Andrea Davila, a nurse at the Kaiser Permanente North Lancaster clinic in Salem administers a test for COVID-19 at the clinic’s drive-thru testing site on Wednesday, April 29. (Amanda Loman/Salem Reporter)
The existing health conditions of Oregonians play a significant role in the impact of COVID-19, according to a new state analysis that provides the most detail to date. Here are five key takeaways.
People who died from COVID-19 most often also had heart problems
Nearly every announcement of a person dying from COVID-19 in Oregon has included reference to “underlying medical conditions.”
For the first time, Oregon Health Authority gave more detail, based on reviewing the medical records for 73 of the 92 Oregonians who died of the disease through April 26. One person may have multiple conditions, and the report, released Tuesday, doesn’t detail the number of conditions.
Over half had a history of cardiovascular disease. About half had a neurological or neurodevelopmental condition, a broad category that includes epilepsy, a history of stroke and learning disabilities. Diabetes, lung disease and a history of smoking were the next most common.
About 42% of Oregonians who died had a medical condition not included in the health authority’s broad categories, like cancer or a gastrointestinal problem.
One in three infected Marion County residents has recovered
With the daily march of new cases, it’s easy to forget most people recover from the virus. As of April 26, 142 Marion County residents who tested positive for the virus have recovered, meaning they have been without symptoms of illness for three days.
Seventeen Marion County residents, about 3% of those testing positive, have died. The rest, about 300 people, are still showing symptoms.
Latinos are more likely to test positive, less likely to need hospitalization
Latinos in Oregon have disproportionately tested positive for COVID-19, making up 13% of Oregon’s population but about 27% of positive tests.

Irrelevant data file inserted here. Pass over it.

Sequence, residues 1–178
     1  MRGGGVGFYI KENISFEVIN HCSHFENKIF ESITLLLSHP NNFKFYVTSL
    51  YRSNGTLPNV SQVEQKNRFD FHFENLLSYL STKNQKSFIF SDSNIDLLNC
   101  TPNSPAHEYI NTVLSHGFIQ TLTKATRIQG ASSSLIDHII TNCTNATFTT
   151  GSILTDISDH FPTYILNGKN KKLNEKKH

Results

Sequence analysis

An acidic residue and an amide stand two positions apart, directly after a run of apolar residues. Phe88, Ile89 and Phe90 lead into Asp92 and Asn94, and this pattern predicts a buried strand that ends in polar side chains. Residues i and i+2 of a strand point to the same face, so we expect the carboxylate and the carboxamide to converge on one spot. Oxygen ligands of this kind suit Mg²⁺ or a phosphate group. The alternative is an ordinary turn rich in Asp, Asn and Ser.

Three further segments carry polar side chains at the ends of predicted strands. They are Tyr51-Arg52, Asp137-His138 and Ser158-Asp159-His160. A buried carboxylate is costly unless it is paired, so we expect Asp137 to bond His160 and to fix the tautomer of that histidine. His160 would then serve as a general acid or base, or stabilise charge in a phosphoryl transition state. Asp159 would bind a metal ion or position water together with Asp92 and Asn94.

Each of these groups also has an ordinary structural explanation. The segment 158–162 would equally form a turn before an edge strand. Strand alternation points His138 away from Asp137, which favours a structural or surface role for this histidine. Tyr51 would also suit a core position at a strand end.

Those who do get sick are less likely to end up in the hospital. Only 18% of Latinos who test positive for COVID-19 were hospitalized at some point during their illness. Statewide, about one quarter of people with a positive test end up in the hospital.
Black Oregonians make up 2.5% of those testing positive for COVID-19, about the same as their share of Oregon’s population. That’s in contrast to many parts of the U.S., where African-Americans have been significantly overrepresented among those sick with COVID-19.
Nursing homes account for over half of Oregon’s deaths
A large COVID-19 outbreak at a Portland-area nursing home accounts for a large share of Oregon’s deaths, with 21 residents or employees dying there.
In the Salem area, six residents or employees of Marion County nursing homes have died from the virus, one at each of six facilities with a reported outbreak.
Coughs are common, but symptoms are all over the map
Oregonians sickened with the virus have reported coughs in 70% of cases, with fevers, muscle ache and shortness of breath also common.
But the symptoms described also include diarrhea, headache and a loss of smell, each in about one quarter of patients.
About 4% of Oregonians who have tested positive reported no symptoms.
DOCUMENT: Read the full state report
This story is published as part of a collaborative of news organizations across Oregon sharing stories in the public interest. The Malheur Enterprise is part of the collaborative.